So I am working with microservices. Because of that sometimes I am writing codes that act as a composer that calls one or more microservices and process the results. I also has to create a sequence diagram to pass to the front-end developer so that he can understand the flow of the calls.

One day a colleague of mine shows how he created his sequence diagram. He is using PlantUML where he just needs to write some kind of DSL and then the editor directly displayed the generated sequence diagram in real-time. I was thinking, it seems I can use this to also generate the composer codes along with the configurations also with the integration tests and probably the unit tests.

To achieve that, what I need to do is to have the PlantUML grammar. I searched the net and I can’t find one. PlantUML only has language reference and they parse the language without grammar but only using regex. If I want to compile the language into my own codes it seems easier if I started with the grammar.

So then I researched which parser toolkit that is convenient to use in `nodejs` world. And I found nearleyjs and someone already built the online playground here so I can start hacking directly.

After a while I then produced what seems to be a working PlantUML grammar. I put it on gist here. Or if you want to see it directly, I pasted it below:

statement -> element_expr:*  {% id %}
| null {% id %}

element_expr -> actor_expr {% id %}
| boundary_expr {% id %}
| call_expr {% id %}
| participant_expr {% id %}


actor_expr -> ACTOR {% d => d[0] %}
| ACTOR _ ELEMENT_COLOR {% d => [ d[0][0], d[0][1], d[2] ] %}
| ACTOR _ ELEMENT_ORDER {% d => [ d[0][0], d[0][1], d[2] ] %}
| ACTOR _ ELEMENT_COLOR _ ELEMENT_ORDER
| ACTOR _ ELEMENT_ORDER _ ELEMENT_COLOR

boundary_expr -> BOUNDARY {% d => d[0] %}
| BOUNDARY _ ELEMENT_COLOR {% d => [ d[0][0], d[0][1], d[2] ] %}
| BOUNDARY _ ELEMENT_ORDER {% d => [ d[0][0], d[0][1], d[2] ] %}
| BOUNDARY _ ELEMENT_COLOR _ ELEMENT_ORDER
| BOUNDARY _ ELEMENT_ORDER _ ELEMENT_COLOR

participant_expr -> PARTICIPANT {% d => d[0] %}
| PARTICIPANT _ ELEMENT_COLOR {% d => [ d[0][0], d[0][1], d[2] ] %}
| PARTICIPANT _ ELEMENT_ORDER {% d => [ d[0][0], d[0][1], d[2] ] %}
| PARTICIPANT _ ELEMENT_COLOR _ ELEMENT_ORDER
| PARTICIPANT _ ELEMENT_ORDER _ ELEMENT_COLOR

call_expr -> CALL {% d => d[0] %}

id -> STRING {% d => ["IDENTIFIER", d[0][1] ] %}
| dqstring {% d => ["IDENTIFIER", d[0] ] %}
integer -> INT {% id %}

CALL_ARROW -> CALL_ARROW_BODY CALL_ARROW_HEAD CALL_ARROW_HEAD_MODIFIER
| CALL_ARROW_BODY CALL_ARROW_HEAD
| CALL_ARROW_HEAD_MODIFIER CALL_ARROW_HEAD CALL_ARROW_BODY



CALL_ARROW_BODY -> "-"
| "--"
| "->"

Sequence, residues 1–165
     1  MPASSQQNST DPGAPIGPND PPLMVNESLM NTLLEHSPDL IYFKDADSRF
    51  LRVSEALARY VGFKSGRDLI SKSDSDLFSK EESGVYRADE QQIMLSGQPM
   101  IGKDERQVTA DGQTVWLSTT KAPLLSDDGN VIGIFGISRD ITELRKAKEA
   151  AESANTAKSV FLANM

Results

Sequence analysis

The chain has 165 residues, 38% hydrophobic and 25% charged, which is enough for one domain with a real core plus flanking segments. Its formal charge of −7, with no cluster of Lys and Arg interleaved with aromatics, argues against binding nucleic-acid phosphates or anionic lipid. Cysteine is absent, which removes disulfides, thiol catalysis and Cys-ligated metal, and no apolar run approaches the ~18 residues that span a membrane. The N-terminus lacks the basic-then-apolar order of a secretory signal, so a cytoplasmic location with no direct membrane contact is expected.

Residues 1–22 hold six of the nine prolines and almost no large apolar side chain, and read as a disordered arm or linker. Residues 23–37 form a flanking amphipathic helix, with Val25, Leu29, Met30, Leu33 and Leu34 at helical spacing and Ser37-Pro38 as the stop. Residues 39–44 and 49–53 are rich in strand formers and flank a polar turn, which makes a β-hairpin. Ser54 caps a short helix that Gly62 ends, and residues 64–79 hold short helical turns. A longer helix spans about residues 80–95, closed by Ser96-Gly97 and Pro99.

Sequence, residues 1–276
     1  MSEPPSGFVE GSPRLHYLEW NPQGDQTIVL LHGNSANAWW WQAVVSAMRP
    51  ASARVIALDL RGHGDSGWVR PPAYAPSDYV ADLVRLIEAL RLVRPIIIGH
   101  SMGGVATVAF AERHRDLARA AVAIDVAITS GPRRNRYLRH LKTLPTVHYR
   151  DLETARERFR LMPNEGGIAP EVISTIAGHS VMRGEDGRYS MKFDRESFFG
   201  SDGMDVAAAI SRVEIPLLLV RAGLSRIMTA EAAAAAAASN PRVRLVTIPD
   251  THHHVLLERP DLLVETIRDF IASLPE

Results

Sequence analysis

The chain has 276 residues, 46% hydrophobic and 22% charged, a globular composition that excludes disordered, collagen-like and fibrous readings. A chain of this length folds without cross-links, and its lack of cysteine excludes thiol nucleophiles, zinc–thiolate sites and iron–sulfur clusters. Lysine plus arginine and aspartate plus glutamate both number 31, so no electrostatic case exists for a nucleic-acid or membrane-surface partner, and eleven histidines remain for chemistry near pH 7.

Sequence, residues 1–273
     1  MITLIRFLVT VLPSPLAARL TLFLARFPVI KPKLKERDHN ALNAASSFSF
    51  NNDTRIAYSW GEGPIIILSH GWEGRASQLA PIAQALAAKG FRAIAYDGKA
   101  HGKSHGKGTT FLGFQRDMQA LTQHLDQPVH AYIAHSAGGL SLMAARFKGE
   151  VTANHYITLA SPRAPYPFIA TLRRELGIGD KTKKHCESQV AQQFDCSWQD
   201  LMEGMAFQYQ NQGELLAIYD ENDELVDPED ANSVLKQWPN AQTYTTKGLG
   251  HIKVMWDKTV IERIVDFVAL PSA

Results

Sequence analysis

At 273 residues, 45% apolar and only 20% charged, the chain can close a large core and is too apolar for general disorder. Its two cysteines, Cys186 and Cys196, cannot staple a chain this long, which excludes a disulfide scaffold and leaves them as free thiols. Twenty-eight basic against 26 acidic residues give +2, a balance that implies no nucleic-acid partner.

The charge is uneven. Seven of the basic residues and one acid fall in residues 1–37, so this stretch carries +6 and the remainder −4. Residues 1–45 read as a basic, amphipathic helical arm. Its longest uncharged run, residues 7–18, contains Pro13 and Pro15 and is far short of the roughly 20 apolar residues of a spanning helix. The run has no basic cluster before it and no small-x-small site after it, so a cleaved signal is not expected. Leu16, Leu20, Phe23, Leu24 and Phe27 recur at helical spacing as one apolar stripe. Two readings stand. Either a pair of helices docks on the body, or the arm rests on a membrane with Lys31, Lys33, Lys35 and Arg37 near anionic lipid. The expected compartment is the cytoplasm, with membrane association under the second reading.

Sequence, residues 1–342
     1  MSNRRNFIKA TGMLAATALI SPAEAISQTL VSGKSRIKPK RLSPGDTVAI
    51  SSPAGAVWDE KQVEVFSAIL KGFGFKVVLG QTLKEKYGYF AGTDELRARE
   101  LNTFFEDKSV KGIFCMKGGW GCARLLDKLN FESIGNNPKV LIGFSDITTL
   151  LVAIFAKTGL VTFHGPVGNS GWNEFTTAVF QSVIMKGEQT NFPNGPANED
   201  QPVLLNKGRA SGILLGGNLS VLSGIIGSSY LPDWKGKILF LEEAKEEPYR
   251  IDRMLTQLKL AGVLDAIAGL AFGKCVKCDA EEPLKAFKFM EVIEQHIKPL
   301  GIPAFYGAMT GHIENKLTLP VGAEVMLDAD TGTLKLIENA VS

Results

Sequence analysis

| "<-"

CALL_ARROW_HEAD -> ">"
| "<"
| "\\"
| "\\\\"
| "/"

CALL_ARROW_HEAD_MODIFIER -> "x"
| ">"
| "<"
| "\\"
| "/"
| "o"

CALL -> id _ CALL_ARROW _ id _ ":" _ MESSAGE_NAME _ {% d => ["CALL", d[0], d[4], d[7]] %}
ACTOR -> "actor" _ id _ {% d => ["ACTOR", d[2] ] %}
BOUNDARY -> "boundary" _ id _ {% d => ["BOUNDARY", d[2] ] %}
PARTICIPANT -> "participant" _ id _ {% d => ["PARTICIPANT", d[2] ] %}
ELEMENT_ORDER -> "order" _ INT _ {% d => ["ELEMENT_ORDER", d[2] ] %}
MESSAGE_NAME -> dstrchar:* {% d => ["MESSAGE_NAME", d[0].join('')] %}
ELEMENT_COLOR -> "#" STRING _ {% d => ["ELEMENT_COLOR", d[1][1] ] %}

INT -> [0-9]:+ {% d => ["INT", d[0][0]] %}
STRING -> [a-zA-Z]:+ {% d => ["STRING", d[0].join('')] %}
STRINGW -> [a-zA-Z ]:+ {% d => ["STRING", d[0].join('')] %}
WHITESPACE -> _

_ -> wschar:* {% function(d) {return null;} %}
__ -> wschar:+ {% function(d) {return null;} %}

wschar -> [ \t\n\v\f] {% id %}

# Matches various kinds of string literals

# Double-quoted string
dqstring -> "\"" dstrchar:* "\"" {% function(d) {return d[1].join(""); } %}
sqstring -> "'" sstrchar:* "'" {% function(d) {return d[1].join(""); } %}
btstring -> "`" [^`]:* "`" {% function(d) {return d[1].join(""); } %}

dstrchar -> [^\\"\n] {% id %}
| "\\" strescape {%
function(d) {
return JSON.parse("\""+d.join("")+"\"");
}
%}

sstrchar -> [^\\'\n] {% id %}
| "\\" strescape
{% function(d) { return JSON.parse("\""+d.join("")+"\""); } %}
| "\\'"
{% function(d) {return "'"; } %}

strescape -> ["\\/bfnrt] {% id %}
| "u" [a-fA-F0-9] [a-fA-F0-9] [a-fA-F0-9] [a-fA-F0-9] {%
function(d) {
return d.join("");
}
%}

Disclaimer, I haven’t parse the grammar using nearly I was only using the playground to test the grammar. And these are some of PlantUML codes that I am using for testing:

autonumber 40 20 "<asd>"
actor "new Aliceasdadad()" order 20 #yellow
boundary "Bob\nvery long" #yellow order 20
Alice -[#red]> Bob: Authentication\n request
participant Juki #yellow order 20
participant rob
Bob ->x Alice: asdad
Bob -> Alice: adasd
Bob <->o Lice: adsad

Journeyman to Scrum Master

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